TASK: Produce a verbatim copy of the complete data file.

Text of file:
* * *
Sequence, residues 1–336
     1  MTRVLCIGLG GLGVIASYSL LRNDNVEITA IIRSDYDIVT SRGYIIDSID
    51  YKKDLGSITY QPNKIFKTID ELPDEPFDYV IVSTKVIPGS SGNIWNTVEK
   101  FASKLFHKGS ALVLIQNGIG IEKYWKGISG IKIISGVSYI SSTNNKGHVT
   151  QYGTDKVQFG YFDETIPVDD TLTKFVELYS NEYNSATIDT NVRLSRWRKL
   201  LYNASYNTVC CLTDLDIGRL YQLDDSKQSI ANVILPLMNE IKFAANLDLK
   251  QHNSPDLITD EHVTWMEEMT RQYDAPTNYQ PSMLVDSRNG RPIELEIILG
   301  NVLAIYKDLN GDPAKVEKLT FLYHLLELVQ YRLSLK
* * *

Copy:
Sequence, residues 1–336
     1  MTRVLCIGLG GLGVIASYSL LRNDNVEITA IIRSDYDIVT SRGYIIDSID
    51  YKKDLGSITY QPNKIFKTID ELPDEPFDYV IVSTKVIPGS SGNIWNTVEK
   101  FASKLFHKGS ALVLIQNGIG IEKYWKGISG IKIISGVSYI SSTNNKGHVT
   151  QYGTDKVQFG YFDETIPVDD TLTKFVELYS NEYNSATIDT NVRLSRWRKL
   201  LYNASYNTVC CLTDLDIGRL YQLDDSKQSI ANVILPLMNE IKFAANLDLK
   251  QHNSPDLITD EHVTWMEEMT RQYDAPTNYQ PSMLVDSRNG RPIELEIILG
   301  NVLAIYKDLN GDPAKVEKLT FLYHLLELVQ YRLSLK